. The values of NPO obtained by these two methods differ by <5%, consistent with the assumption that the observed currents represent the activity of a large uniform population of channels opening with very low probability (Horrigan et al., 1999).

Normalized open probability (PO/POMAX = NPO/NPOMAX) was determined by combining NPO measurements with an estimate of NPOMAX obtained from the macroscopic GK-V relationship in the same patch (NPOMAX = GKMAX/gK, where gK is the single channel conductance). Patches that were used to measure single channel activity at negative voltages often produced currents that were too large to measure (>20 nA) at voltages that activate mSlo1 channels maximally. In these cases, Gmax was estimated by fitting the macroscopic GK-V with a Boltzmann function {1 + exp[−z(V − Vh)/kT]} raised to a power n (e.g., Fig. 4 C1), where z and n were determined at each [Ca2+] from other patches where the entire GK-V relationship was measured.

For voltages >60 mV from the reversal potential (0 mV), single channel amplitudes were large enough that false opening events due to noise were not detected using 20 kHz filtering. The prevalence of false events was assessed by evaluating the number of current transients from the closed level that exceed the 1/2 amplitude criterion in a direction opposite to that of channel opening. When determining PO-V relationships over a large voltage range, currents were digitally filtered at 5 kHz before determining NPO such that false events were not observed at 20 or −20 mV. For V > 60 mV no difference in NPO was observed with 5 or 20 kHz filtering. However, for V < −60 mV a decrease in NPO was observed at 5 kHz, reflecting the brevity of open times at these voltages. The largest decreases (∼30%) were observed at the most negative voltages in 0 Ca2+ and little change was observed for [Ca2+] > 1 μM. Thus, PO in low Ca2+ may be underestimated. To minimize this effect, dose-response relationships used to quantify the effect of Ca2+ on channel activation (Fig. 9) were determined from NPO at V < −80 mV using 20 kHz filtering.

Shifts in Voltage-dependent Parameters

Patch to patch variations in the half-activation voltage (Vh) of GK-V and Q-V relationships are observed for mSlo1 (Horrigan and Aldrich, 1999; Horrigan et al., 1999) and hSlo1 (Stefani et al., 1997), possibly due to differences in the redox state of channels (DiChiara and Reinhart, 1997; Tang et al., 2001). Such shifts do not appreciably alter the shape of voltage-dependent relationships but make comparison of data between different experiments difficult and cause broadening in averaged voltage-dependent relationships. To compensate for this effect, Vh was determined for each patch and compared with the mean for all experiments (<Vh>) at the same [Ca2+]. Data from individual experiments were then shifted along the voltage-axis by ΔVh = (<Vh> − Vh) before averaging. This procedure yields average relationships that accurately represent the shape of individual GK-V and Q-V relationships.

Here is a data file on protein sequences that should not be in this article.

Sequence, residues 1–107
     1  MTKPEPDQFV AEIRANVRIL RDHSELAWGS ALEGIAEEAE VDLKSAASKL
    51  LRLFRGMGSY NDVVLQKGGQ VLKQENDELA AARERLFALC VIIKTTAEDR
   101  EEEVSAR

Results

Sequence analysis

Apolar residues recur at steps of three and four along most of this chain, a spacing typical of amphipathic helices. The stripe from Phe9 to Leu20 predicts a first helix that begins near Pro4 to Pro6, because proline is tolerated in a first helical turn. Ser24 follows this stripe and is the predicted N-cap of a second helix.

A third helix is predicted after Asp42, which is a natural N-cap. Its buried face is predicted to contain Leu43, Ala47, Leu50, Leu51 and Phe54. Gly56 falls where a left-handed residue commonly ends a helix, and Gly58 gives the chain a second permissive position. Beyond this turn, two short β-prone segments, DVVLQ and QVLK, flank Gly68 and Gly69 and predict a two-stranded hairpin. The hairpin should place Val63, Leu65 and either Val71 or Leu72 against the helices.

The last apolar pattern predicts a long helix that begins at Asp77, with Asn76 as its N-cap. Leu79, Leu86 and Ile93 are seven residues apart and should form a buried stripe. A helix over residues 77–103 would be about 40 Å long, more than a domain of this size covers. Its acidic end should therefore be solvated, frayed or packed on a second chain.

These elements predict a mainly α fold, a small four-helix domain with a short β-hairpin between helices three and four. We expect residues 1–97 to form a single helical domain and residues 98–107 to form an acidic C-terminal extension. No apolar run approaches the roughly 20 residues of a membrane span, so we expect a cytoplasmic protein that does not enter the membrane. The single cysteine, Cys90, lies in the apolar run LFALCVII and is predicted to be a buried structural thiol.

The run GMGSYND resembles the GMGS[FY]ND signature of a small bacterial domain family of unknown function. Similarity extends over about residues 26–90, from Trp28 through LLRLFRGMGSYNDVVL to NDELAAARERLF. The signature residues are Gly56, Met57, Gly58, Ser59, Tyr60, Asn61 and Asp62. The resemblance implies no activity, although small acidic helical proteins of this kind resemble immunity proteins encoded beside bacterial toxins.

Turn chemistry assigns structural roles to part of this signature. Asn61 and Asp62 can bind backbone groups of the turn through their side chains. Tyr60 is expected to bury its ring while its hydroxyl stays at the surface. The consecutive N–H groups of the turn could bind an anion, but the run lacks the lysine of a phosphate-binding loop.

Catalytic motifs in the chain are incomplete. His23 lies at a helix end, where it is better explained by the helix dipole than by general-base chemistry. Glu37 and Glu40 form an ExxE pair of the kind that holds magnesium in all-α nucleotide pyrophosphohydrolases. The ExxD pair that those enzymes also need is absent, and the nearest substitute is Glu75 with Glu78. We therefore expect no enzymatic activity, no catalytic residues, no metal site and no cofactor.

Admittance Analysis

Admittance analysis was performed as described previously (Horrigan and Aldrich, 1999). Briefly, in gating current solutions, the membrane was clamped with a sinusoidal voltage command (868 Hz, 60 mV peak to peak) superimposed on a 1 s voltage-ramp. The voltage command and current signal were both filtered at 20 kHz and current was sampled at 18-μs intervals (64 samples/period). Admittance was determined for each cycle of the sinusoid. Gating capacitance (Cg[V]) was determined as the voltage-dependent component of patch admittance appearing at a phase angle of 90° relative to the command voltage (after correction for instrumentation phase delays).

Results

Effects of Ca2+ on mSlo1 Ionic Currents